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September 19, 2012
BICEP Members Call for Extension of Wind Credit
    by Robert Kropp

Nineteen companies in the Ceres-led Business for Innovative Climate and Energy Policy coalition say that Congressional extension of the tax credit for wind energy will improve competitiveness and create jobs.


The Production Tax Credit (PTC), originally signed into law by President George H.W. Bush, is set to expire on December 31st if Congress does not act by then to extend it. Extending the PTC, which provides a tax credit of 2.2 cents per kilowatt-hour of renewable power, is supported by President Obama; Republican candidate Mitt Romney says he wants to end it.

Nineteen companies—many of which are members of Business for Innovative Climate and Energy Policy (BICEP), a coalition of companies directed by Ceres—wrote to Congressional leaders this week, urging them to support the extension of the PTC.

In the l etter, the companies warned, "A failure to pass an extension will amount to levying a tax on companies committed to buying American energy and growing the US economy. In today's economic climate, a tax hike on American businesses buying American renewable energy is unwarranted."

Last month, Siemens Wind Power, a manufacturer of wind turbines, announced more than 900 layoffs, attributing them to industry uncertainty over the future of the PTC. The American Wind Energy Association (AWEA) has reported that the industry could lose as many as 37,000 jobs in the first quarter of 2013 alone, if the tax credit is not extended.

On the other hand, Navigant Consulting has estimated that extending the PTC for four years will result in 95,000 wind-supported jobs and $16.3 billion in investment by 2016.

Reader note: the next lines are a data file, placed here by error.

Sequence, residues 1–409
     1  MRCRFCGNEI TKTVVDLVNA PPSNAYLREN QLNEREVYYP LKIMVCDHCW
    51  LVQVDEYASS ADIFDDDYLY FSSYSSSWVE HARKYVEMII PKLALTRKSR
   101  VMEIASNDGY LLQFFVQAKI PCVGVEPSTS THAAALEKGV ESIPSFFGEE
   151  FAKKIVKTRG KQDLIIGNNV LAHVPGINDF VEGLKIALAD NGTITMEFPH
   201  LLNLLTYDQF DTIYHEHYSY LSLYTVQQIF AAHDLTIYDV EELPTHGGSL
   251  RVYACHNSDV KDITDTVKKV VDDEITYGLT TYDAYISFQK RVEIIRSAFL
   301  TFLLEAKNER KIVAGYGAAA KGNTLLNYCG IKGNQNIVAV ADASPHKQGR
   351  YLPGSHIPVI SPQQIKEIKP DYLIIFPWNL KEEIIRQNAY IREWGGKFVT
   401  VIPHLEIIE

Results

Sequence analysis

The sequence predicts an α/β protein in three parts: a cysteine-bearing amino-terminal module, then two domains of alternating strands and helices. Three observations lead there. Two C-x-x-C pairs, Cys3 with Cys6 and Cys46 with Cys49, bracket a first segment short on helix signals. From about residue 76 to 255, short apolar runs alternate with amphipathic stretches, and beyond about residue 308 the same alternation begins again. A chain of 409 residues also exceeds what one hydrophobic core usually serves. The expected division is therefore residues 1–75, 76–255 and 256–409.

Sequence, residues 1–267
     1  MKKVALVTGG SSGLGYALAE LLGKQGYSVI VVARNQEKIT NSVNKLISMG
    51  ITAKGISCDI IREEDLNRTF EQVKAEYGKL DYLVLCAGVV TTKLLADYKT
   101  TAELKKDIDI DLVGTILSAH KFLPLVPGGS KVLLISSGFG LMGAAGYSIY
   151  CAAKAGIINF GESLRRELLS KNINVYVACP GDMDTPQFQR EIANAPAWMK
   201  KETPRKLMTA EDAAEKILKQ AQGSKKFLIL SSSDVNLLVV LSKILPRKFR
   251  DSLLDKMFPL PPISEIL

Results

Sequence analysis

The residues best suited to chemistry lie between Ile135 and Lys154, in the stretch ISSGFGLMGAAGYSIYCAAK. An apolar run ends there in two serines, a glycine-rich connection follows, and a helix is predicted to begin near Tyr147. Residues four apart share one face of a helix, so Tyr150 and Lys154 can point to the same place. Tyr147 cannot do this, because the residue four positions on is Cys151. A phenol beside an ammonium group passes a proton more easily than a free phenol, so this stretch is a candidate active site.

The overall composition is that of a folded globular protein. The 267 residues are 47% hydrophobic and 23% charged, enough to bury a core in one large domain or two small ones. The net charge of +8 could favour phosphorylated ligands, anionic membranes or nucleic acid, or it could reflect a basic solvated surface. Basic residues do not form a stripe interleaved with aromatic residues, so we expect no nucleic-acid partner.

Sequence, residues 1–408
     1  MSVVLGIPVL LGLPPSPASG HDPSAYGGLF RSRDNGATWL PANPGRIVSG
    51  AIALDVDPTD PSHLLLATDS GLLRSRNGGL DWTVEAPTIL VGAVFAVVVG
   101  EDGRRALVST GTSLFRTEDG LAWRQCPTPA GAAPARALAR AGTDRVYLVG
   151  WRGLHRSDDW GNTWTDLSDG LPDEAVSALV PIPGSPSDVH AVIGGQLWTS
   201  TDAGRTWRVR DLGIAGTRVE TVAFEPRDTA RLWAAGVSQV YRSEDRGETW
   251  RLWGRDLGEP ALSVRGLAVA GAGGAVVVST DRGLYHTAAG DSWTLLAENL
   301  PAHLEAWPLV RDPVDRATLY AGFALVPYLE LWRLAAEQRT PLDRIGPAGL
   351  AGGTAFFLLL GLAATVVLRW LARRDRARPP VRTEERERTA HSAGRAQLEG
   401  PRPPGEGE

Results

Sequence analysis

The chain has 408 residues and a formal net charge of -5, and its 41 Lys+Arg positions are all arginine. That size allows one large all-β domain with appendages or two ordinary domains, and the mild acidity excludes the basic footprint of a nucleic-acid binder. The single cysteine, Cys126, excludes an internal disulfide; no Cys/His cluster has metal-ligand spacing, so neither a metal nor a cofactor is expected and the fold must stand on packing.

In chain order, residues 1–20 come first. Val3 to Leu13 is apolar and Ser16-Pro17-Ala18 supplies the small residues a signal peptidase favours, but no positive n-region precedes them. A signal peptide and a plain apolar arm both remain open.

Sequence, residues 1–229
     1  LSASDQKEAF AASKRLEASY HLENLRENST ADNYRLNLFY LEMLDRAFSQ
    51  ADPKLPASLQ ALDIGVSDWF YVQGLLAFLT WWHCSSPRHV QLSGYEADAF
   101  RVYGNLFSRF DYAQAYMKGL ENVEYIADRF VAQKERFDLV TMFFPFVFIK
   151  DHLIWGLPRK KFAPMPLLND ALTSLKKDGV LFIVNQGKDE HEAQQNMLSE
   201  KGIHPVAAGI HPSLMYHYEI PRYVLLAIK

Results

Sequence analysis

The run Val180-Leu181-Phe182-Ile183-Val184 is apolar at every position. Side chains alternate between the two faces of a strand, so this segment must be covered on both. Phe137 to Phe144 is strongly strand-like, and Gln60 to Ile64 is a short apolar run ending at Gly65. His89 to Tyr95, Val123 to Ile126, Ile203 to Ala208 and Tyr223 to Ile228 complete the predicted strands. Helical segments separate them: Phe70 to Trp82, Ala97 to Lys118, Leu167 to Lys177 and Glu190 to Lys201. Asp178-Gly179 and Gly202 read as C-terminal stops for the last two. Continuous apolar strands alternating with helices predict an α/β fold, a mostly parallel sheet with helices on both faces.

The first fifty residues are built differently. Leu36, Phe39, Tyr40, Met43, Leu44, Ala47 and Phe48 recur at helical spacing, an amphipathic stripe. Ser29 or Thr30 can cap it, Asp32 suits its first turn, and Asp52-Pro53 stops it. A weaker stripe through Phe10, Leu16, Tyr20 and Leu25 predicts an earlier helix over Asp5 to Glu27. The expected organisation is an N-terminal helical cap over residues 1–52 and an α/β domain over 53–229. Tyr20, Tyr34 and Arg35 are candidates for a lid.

The companies' letter stated, "In the past decade American businesses have significantly ramped up their purchase of American wind energy," noting that the PTC has helped wind energy costs decrease by 90% since 1980. "In the seven years that the PTC has been continuously in place," the letter continued, "Installed wind capacity has grown sevenfold to nearly 47 Gigawatts representing more than $79 billion in private investment." Wind energy has accounted for 35% of new power capacity installed in the last four years.

"Failure to extend the PTC for wind would tax our companies and thousands of others like us that purchase significant amounts of renewable energy and hurt our bottom lines at a time when the economy is struggling to recover," the letter concluded. "Extending the PTC lowers prices for all consumers, keeps America competitive in a global marketplace and creates homegrown American jobs."

Signatories to the letter include the Fortune 500 companies Johnson & Johnson and Sprint Nextel. With the additional exceptions of Akamai Technologies and Pitney Bowes, all other signatories are BICEP members.

 

 
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